North Carolina Libraries for Virtual Education (NC LIVE), a statewide cooperative effort, provides access to proprietary Web-based resources such as electronic books, citation, abstracting and full-text databases covering journals, magazines, newspapers, reference materials, and databases providing information portals for specific subject areas. Joint purchasing of other electronic resources is possible through another cooperative, the Carolina Consortium.
3.1 Critical Environmental Factors
The following environmental factors will be taken into account in all selection decisions:
3.2. General Criteria
The following general criteria will be used for the selection of resources:
3.3. Choice of Format
The following criteria influence the choice between print, non-print or online/digital formats:
3.4. Retrospective Coverage
Major emphasis is on acquiring new or current titles, although older titles may be collected when retrospective subject coverage is desired, or in the cases of classics in literature or in a subject field. The Library will generally attempt to acquire the latest edition of a title, providing that edition contains new content or added value over earlier editions.
Materials will be in English, with some additional bilingual or multilingual purchases in the Children’s collection and in support of foreign language instruction.
3.6. Reading level
The majority of general materials acquired will be at the high school reading level (grades 9 to 12). Materials at the lower-division undergraduate reading level will also be acquired to support ECC’s university transfer students and other curricula where appropriate. In limited quantities, the Library will acquire resources geared towards new literates, ESL speakers, or juvenile readers and will also acquire materials at the pre-school reading level to support ECC’s Early Childhood Education program. Additionally, ECC Library will acquire titles each year for inclusion in the Young Adult collection to support the Early College High School.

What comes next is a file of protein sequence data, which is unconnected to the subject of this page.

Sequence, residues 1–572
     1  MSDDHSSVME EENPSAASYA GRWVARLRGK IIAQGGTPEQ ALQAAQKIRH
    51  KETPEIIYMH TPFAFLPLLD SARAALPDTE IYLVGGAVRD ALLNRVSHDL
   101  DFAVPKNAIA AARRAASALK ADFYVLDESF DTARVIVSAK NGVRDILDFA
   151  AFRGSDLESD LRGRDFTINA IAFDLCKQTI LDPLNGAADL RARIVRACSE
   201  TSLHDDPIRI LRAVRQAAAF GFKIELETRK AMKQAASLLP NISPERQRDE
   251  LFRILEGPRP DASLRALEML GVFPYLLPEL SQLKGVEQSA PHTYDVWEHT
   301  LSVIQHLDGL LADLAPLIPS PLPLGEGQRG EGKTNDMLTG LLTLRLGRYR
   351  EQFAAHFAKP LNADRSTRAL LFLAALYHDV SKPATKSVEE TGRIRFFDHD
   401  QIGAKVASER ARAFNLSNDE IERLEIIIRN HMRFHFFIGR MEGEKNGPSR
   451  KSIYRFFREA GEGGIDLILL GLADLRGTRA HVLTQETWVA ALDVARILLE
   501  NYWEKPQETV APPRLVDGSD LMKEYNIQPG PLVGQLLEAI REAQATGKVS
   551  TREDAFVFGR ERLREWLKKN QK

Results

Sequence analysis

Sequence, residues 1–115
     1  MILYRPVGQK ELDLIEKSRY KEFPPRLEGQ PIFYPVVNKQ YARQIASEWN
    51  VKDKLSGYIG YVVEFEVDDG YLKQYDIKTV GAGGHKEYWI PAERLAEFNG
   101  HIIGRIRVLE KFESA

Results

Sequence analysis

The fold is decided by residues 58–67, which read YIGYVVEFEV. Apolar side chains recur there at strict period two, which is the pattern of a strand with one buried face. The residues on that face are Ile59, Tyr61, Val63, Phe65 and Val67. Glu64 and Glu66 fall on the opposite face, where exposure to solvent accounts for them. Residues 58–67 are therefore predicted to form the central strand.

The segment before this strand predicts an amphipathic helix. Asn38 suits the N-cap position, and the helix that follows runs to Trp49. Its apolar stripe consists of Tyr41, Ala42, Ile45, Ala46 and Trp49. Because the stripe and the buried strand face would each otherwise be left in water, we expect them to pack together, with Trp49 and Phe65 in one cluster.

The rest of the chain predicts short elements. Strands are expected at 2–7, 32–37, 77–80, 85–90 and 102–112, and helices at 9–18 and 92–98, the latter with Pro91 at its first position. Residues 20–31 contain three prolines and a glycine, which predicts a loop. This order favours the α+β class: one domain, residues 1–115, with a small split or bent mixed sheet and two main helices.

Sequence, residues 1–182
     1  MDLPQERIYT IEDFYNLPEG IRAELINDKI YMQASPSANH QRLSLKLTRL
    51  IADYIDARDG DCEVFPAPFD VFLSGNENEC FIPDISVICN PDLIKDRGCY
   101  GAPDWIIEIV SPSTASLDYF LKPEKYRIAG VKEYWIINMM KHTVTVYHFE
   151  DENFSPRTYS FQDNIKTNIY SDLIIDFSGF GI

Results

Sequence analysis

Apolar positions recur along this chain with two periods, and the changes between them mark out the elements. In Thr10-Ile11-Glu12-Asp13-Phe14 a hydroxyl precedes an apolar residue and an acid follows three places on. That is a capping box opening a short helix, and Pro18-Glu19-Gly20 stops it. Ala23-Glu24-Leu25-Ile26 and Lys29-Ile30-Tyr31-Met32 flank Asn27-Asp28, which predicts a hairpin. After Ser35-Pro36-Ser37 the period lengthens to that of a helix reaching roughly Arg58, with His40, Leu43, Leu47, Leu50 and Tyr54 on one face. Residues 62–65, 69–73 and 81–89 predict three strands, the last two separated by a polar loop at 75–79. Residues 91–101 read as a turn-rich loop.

3.7. Scope of Collections
The Library will focus its acquisitions on subjects related to the curriculum. Generally, materials are collected with intent to provide a broad overview of subjects with balance as to various viewpoints. Extensive, in-depth treatment of a subject in the print collections is usually not warranted. Online resources providing journal access will usually suffice to cover niche topics and leading-edge information. Interlibrary loan should be considered in support of the occasional exception, especially when the need is of limited duration.
The Library does not purchase:
4.1. Print Materials
FORMAT: Hardback books are preferred if all considerations, particularly price, are equal. If there is a substantial cost difference between the trade paperback and hardback formats, the trade paperback format may be preferred, except where size of the item or anticipated heavy usage makes the hardback format a better choice for longevity. Mass market paperbacks are not purchased.
REFERENCE: The Reference collection should be somewhat limited in size; preference is given to materials that can circulate. However, there is still a need for basic factual information, introductory or overview information for specific subjects, and/or direction to further information and resources. Such titles which exist as multi-volume items or expensive items should be placed in Reference to help ensure against loss, since items in this collection do not circulate.